Now look at me, I am welcoming any problems with open arms, even a Jehovah’s Witness would feel a bit creeped out by how readily I would let something in. The problem now was, there was nothing going wrong at all. These were perfect conditions. My pace was slow but my body was fine, I had a couple of massaged which preserved my legs. I had no sickness, I had no hydration problems, my nipples were fine, I had no chaffing, no stomach problems. I had the most beautiful sleep in the two days I had ever had going into this race. I was running the best race in the world.

The tumbleweed rolling across the front door of my DNF excuses was annoying, I need a reason to get out of this race and I just can’t find one, nothing is coming in. I would take anything, falling down a pot hole, a back spasm, perhaps one of these cars would kindly knock me into a ravine or perhaps one of these dogs could trip me over.


I was running all the time, even uphill. There was nothing wrong with me except I was going frustratingly slow. The times at the cut offs were closing in a little but not nearly enough for me to get pulled out. I was going to make it to the mountain in lots of time however at around 95 I made the decision, I am going as far as base camp and then that’s it I am done.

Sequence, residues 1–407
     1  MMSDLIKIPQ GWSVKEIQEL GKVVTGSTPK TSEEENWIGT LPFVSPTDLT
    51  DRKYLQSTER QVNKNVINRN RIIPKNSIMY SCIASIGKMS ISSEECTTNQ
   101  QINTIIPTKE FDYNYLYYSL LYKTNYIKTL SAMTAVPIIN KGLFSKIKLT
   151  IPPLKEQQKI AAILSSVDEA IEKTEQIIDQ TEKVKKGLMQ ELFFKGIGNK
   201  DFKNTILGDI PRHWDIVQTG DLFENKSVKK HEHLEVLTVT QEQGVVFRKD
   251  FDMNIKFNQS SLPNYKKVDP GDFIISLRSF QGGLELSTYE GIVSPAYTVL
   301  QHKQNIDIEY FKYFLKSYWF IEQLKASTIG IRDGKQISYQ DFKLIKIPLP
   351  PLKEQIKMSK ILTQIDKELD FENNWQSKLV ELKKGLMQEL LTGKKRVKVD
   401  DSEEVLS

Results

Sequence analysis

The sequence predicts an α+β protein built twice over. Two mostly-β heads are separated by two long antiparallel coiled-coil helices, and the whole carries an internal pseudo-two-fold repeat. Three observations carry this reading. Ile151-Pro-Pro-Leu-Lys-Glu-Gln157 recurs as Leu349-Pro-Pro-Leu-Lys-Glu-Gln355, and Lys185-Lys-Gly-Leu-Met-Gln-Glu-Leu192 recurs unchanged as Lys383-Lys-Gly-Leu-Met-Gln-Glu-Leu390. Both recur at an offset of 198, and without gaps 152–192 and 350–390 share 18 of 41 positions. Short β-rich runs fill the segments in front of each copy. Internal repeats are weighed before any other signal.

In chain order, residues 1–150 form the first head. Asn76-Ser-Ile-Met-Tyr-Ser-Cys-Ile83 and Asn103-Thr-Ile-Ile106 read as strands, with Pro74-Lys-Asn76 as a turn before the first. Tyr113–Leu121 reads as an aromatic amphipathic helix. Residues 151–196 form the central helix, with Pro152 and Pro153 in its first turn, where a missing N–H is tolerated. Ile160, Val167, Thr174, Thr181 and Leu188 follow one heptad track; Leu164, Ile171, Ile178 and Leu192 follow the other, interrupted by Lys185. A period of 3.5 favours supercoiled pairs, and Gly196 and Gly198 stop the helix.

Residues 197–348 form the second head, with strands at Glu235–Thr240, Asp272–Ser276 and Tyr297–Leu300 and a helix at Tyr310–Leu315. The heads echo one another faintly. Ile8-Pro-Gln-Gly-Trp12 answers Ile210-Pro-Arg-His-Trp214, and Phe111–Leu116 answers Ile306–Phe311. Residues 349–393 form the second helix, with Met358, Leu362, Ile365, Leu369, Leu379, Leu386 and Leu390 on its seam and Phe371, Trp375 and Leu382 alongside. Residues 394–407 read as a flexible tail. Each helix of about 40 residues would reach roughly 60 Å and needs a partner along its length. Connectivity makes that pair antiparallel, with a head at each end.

The next day when I spoke to Martin Illot he said to me that if I got over the mountain then I could have walked the rest and would have finished. I knew this and didn’t really appreciate it being said out loud. Assuming I had no major problems (which was quite likely as I had no major problems in the first 100 miles) then I could have plodded it home.

I would love to be in a position where I could say that I was pulled off the mountain with Hypothermia, or that I got a nasty shin splint or twisted ankle coming off the mountain which reduced me to a crawl, or that I puked so much that my body went into shock and I was taken home in an ambulance. The reason for my DNF somewhat less glorious than that.

Back to the original pie chart I was hoping to change your mind on from the start. I don’t think I am unique at all in what happened here though I rarely see something like this written. I am going to put it out there that 80% of DNFs happen in a similar fashion to what I have described. I am going to call this large segment of the pie chart “lazy cowardice”.

The reason I didn’t carry on was because the thought of doing the 53 miles that remained was just too hard. I quit because what lay ahead felt too hard. That is it.